“Then one by one, somebody bought this field, somebody bought this field, somebody bought this field,” she said. “I can’t ride on Sherman Farm anymore. Like it all went away.”

Betty and Carlo said they aren’t against development altogether, but they would like to see the plans the town has put in place honored.

“They allowed denser construction in the villages, like in Oakland and Mapleville and whatnot, and leave the outskirts alone,” Carlo said. “What happened?”

He said he’s seen McMansions go up in town, taking up most of their lots and leaving little green space, and cluster developments preserve open space for private use.

“It’s a ‘not in my backyard’ kind of thing,” he said.

“Then there’s no more space for the animals,” said Betty, who is also a well-known beekeeper.

Does an affordable future conflict with a rural one?

Rawson, the Town Council vice president, also worries about what the town will look like in the future.

“In 10 years, you would not recognize this town as it is today,” he predicted. “I guarantee it.”

He’s concerned that state laws meant to help spur affordable housing that speed up the review process and take some of the decision-making power away from town boards will prevent the town from developing (or not) the way residents want.

““I’ve been fighting to keep our town as rural as possible for years,” Rawson said, and if it were up to him, he probably wouldn’t want any more development in the town in general, he added. But the town will obey the law, he said.

Burrillville’s affordable housing track record has been mostly positive. Usually, the town has met the state requirement that 10% of a municipality’s housing stock be considered affordable, but fell just under this year. Rawson said it was because of new housing development.

historic photo of a bridge
A historic photo of the Stone Arch Bridge in Harrisville. (Colleen Cronin/ecoRI News)

He said he’s trying to be proactive on the issue, coming up with plans for senior housing so that Burrillville can comply with the affordable housing minimum again.

Roberta Lacey, who sits on the Conservation Commission, believes cluster development could be key to striking a balance between keeping Burrillville rural — which she sees as a way to help wildlife — and help make the town a home to those who want to come here.

Cluster development allows a housing development to use less acreage to maximize green space, which is often put into an easement for recreational or/and conservation use.

Lacey, who moved to Burrillville from a housing development in Hartford, has become an environmental advocate with a unique perspective on the housing issue.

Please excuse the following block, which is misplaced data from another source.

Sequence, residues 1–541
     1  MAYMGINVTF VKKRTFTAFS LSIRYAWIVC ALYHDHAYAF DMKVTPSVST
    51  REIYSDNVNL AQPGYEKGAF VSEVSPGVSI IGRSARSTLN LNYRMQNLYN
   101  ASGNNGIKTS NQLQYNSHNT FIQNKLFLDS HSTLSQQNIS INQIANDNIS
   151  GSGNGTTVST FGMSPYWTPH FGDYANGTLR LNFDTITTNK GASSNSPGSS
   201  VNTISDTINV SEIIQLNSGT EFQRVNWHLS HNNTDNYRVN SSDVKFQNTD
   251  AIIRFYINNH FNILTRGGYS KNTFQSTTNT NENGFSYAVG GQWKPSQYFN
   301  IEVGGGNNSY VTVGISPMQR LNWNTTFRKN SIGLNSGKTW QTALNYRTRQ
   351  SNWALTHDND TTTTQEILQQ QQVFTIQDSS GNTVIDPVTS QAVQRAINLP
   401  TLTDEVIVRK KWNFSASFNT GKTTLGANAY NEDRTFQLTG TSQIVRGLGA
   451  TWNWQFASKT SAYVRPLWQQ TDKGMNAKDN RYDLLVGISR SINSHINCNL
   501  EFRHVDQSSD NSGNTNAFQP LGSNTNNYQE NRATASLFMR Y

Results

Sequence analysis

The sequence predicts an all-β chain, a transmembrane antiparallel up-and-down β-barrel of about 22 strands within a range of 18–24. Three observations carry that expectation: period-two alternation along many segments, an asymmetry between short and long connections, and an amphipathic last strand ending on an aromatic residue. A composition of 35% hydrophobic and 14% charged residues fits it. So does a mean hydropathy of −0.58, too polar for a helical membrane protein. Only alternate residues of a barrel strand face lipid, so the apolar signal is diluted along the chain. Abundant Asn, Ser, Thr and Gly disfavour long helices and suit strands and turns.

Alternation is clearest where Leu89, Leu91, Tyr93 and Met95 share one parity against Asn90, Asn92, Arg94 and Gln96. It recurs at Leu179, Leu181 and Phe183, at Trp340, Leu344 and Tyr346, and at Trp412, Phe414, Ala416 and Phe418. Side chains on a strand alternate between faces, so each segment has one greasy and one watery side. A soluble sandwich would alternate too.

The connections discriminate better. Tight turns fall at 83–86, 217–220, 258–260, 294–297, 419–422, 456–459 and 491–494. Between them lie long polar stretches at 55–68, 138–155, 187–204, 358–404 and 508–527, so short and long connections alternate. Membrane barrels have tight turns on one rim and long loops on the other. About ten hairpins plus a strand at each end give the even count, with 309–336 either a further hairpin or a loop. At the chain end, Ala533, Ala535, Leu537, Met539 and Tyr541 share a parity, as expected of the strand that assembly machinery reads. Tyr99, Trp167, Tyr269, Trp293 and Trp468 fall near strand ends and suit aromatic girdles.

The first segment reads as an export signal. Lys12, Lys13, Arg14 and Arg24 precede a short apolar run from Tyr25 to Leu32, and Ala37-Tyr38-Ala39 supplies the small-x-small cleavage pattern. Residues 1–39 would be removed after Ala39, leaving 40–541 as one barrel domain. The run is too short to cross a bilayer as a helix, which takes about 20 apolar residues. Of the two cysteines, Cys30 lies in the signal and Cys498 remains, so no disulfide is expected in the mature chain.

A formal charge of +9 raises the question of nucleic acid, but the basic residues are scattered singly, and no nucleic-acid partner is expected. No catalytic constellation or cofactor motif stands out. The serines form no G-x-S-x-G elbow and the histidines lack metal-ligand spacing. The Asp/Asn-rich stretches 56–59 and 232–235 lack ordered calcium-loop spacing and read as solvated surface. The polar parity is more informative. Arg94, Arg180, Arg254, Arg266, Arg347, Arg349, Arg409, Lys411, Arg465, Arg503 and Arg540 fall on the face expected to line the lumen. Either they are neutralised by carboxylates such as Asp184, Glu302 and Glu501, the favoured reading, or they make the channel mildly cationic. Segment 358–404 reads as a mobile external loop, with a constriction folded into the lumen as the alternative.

While she spoke to ecoRI News about the topic on the phone, she was going from grocery store to grocery store trying to find food for some baby rabbits she had rescued.

“I’ve gotten ridiculously involved,” she said, laughing at her sudden dive into environmental issues, some even as small as orphaned rabbits.

Lacey became an environmental advocate in earnest after the town fought against the construction of a power plant several years ago, although her love of nature was first sparked when she arrived in rural Burrillville as a 10-year-old.

Her parents were able to move from an affordable housing complex in Hartford to a home in Burrillville because of a farmer’s home loan, and the experience opened her eyes to a better life, she said. Living in “the projects” carried a stigma, something she believes a home in a cluster development might alleviate.

“It’s, you know, ‘Oh, it’s a project …’ you hear a lot of people saying derogatory things,” Lacey said. “I think cluster housing would serve families better. And it wouldn’t be such a hard burden on our community either.”

On top of using cluster development, Lacey said the town is also working on a wildlife action plan, which could help the town think about where development would have the least amount of impact on rare and endangered species.

She said she’s hopeful that affordable housing can happen while still protecting what makes Burrillville unique and important.

“We’re not trying to keep low-income [housing] out,” she said “There are not a lot of swaths of forest for the animals to forage. You know, there’s not a lot of those around the state anymore. So that’s what we’re fiercely trying to protect.”


Join the Discussion

View Comments

Recent Comments

  1. Large-lot-size zoning is the only real way to preserve open land. 2- and 3-acre zoning (or more) is quite effective at preserving land and quality of life. Then, ignore the developer-owned lawmakers pushing “affordable” housing on towns. Or, do nothing and watch remaining open space become Warwick space.

  2. One great innovation in Burrillville that other towns would do well to emulate is that its Conservation Commission has begun the creation of the state’s first “Community Wildlife Conservation Plan” as recommended by Rhode Island’s current Wildlife Action Plan.

    The details for planning a CWCP are found in an appendix to the “2015 Rhode Island Wildlife Action Plan.” And DEM has designated a liaison officer to aid communities in creating CWCP’s. Burrillville’s Conservation Commission is the first to step forward.

  3. The town needs to figure something out, Staghead drive is being over developed. They are putting houses sideways on lots that are only .21 acres. That’s a very small lot! Clearing all these trees, the wildlife has no where to go!

Leave a Reply

Your email address will not be published. Required fields are marked *

Your support keeps our reporters on the environmental beat.

Reader support is at the core of our nonprofit news model. Together, we can keep the environment in the headlines.


We use cookies to improve your experience and deliver personalized content. View Cookie Settings